Facing sharper retail competition from the nearly completed Chevy Chase Pavilion across the street and major new renovations at Montgomery Mall in Bethesda, Mazza Gallerie is undergoing a $3.5 million rejuvenation to lighten up its dour presence on the northwest corner of Wisconsin and Western avenues.

But the 13-year-old building isn't all that's being changed. Its owners -- the 5300 Wisconsin Avenue Joint Venture, made up of Prudential Insurance Co. of America and British Petroleum's pension fund -- also are adjusting the mall's management and strategy in hopes that it can finally compete and thrive in the burgeoning Chevy Chase shopping district.

To start, Prudential Property Co., the real estate arm of the parent, is replacing Mazza's leasing-management firm for the past eight years, Norfolk-based Goodman Seger Hogan Inc., and it is churning the mall's tenant mix.

"With all these glitzy new malls all over, we have had to do something to compete," said Skip McKenzie, a general manager at Prudential for Mazza, which has 416,000 square feet of retail space on four levels. "We are eliminating dumpy stores and have been refining the poorly leased mix and we're still debating what we want."

Even on sunny days, the interior of Mazza Gallerie has been gloomy. The heavy, smooth marble and hulking, oft-criticized design reminded many of a mausoleum. After troubles getting built, Mazza struggled throughout the 1970s and '80s with a mishmash of stores that did not attract shoppers in the numbers expected by planners.

Its present owners acquired the 57-store mall eight years ago from HSL, a five-member partnership including Exxon Corp. and the Mazza family, which developed the 8.5-acre site. The current owners did some minor face-lifting in 1982 after bringing Goodman Seger Hogan on board.

The almost completed Chevy Chase Pavilion across the street seems to have been a major impetus for the latest changes. The 60-store Pavilion is scheduled to open in October and is 80 percent leased, with a plum in the signing of the popular clothier Barneys New York.

The Pavilion enticed the Limited out of its 4,000-square-foot space in Mazza and into two 17,000-square-foot spaces for the Limited and Limited Express there. McKenzie discounted the move, saying, "You will always have defections at first and, really, the Limited never really was the kind of store that belonged here."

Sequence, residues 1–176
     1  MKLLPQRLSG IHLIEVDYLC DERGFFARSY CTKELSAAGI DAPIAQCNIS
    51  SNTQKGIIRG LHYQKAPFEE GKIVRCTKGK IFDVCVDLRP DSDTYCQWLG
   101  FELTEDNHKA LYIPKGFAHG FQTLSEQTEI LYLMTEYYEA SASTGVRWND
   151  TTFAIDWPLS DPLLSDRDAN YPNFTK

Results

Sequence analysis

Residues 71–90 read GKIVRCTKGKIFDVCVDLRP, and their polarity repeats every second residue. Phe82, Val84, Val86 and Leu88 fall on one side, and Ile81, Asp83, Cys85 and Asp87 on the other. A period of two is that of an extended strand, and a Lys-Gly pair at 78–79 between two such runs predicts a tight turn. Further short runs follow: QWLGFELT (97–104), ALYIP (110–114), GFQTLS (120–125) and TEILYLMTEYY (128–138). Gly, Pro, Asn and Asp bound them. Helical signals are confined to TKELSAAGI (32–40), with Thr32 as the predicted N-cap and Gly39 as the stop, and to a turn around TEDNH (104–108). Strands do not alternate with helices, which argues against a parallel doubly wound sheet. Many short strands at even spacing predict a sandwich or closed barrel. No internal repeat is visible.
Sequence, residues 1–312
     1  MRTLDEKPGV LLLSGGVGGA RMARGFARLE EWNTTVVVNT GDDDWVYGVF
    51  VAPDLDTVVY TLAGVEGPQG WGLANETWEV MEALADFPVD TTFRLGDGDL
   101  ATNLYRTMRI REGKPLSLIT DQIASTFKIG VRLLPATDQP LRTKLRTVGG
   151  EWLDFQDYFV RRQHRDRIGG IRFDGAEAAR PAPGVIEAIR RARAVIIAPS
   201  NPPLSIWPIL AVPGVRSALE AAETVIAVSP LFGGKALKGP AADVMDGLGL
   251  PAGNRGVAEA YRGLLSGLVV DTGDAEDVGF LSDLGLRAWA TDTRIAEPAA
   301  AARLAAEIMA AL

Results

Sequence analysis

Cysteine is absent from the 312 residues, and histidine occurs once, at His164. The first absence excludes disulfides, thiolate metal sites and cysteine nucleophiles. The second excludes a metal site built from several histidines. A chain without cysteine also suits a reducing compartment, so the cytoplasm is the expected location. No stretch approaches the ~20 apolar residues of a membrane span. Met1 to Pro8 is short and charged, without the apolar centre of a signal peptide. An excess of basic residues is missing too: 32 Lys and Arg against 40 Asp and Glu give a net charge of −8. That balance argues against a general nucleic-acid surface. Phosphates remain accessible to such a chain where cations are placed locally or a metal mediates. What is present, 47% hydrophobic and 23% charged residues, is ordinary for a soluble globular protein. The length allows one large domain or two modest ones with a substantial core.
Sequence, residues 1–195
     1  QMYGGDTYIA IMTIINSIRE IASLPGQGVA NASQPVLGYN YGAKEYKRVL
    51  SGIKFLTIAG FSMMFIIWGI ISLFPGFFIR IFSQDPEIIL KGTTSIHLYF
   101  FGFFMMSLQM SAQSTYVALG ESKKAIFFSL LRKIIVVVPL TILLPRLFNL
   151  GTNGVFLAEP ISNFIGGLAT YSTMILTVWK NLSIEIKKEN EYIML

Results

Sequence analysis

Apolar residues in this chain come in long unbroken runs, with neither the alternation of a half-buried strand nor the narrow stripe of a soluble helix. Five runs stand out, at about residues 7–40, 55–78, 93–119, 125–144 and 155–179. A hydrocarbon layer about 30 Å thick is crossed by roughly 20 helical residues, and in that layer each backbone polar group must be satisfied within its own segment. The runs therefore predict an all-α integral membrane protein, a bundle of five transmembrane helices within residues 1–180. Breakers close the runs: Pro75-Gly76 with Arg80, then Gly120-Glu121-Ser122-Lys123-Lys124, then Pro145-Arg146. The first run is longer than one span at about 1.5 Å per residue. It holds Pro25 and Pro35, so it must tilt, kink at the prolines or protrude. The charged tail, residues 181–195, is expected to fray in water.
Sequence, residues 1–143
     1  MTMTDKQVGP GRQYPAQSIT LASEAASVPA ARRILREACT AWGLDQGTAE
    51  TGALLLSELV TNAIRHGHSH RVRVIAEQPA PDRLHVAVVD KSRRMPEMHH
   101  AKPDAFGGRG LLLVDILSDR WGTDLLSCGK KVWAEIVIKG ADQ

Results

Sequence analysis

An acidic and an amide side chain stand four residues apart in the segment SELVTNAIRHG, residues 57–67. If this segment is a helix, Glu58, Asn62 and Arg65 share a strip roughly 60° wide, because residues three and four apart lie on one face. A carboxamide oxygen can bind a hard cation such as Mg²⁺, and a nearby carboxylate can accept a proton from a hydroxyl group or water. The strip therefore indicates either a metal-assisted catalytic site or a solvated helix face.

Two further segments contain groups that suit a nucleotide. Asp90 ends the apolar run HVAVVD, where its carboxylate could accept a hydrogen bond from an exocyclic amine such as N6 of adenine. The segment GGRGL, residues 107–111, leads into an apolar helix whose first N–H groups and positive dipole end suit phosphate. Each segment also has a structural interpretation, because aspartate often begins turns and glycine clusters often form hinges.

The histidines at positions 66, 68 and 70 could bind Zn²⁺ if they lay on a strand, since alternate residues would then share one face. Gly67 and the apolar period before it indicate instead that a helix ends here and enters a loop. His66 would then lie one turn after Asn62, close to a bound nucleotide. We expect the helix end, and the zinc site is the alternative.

Chevy Chase Pavilion developers think they will help Mazza. "We are comrades in arms -- Mazza helps us and we help them," said William Vose of the Donohoe Development Co., which owns the Chevy Chase Pavilion.

Mazza may need a lot of help, local retailers say. Its shoppers, according to internal polls, are mostly older women, not a group some of the bigger-volume retailers covet.

Others see continued problems because it has only a single anchor store, Neiman-Marcus, with 124,000 square feet of space. "One-anchor shopping just does not work," said Walt Petrie, a local mall developer. "That setup does not generate the kind of traffic that a pair working together does."

Rumors in the retail community have the Hecht Co. once again considering a possible link with Mazza by building a new store attached to the back of the mall.

The Mazza family still owns a parcel of land next to the mall and the May Co., which owns Hecht's and has a Lord & Taylor nearby, reportedly holds leases on it.

"We have always been interested in getting a store in Chevy Chase," said Hecht's Chairman J. Warren Harris. "And we are anxious to get a store in the area. ..."

Prudential's McKenzie said another anchor would be welcome, though he named more upscale stores such as Nordstrom and Macy's as better matches for Mazza than mid-priced Hecht's.

Whatever happens, McKenzie sees Mazza as a mall whose time has come.

"We were the first important development in the Chevy Chase area and we have been wallowing in mediocrity for a long time," he said. "Now we can take off like a rocket."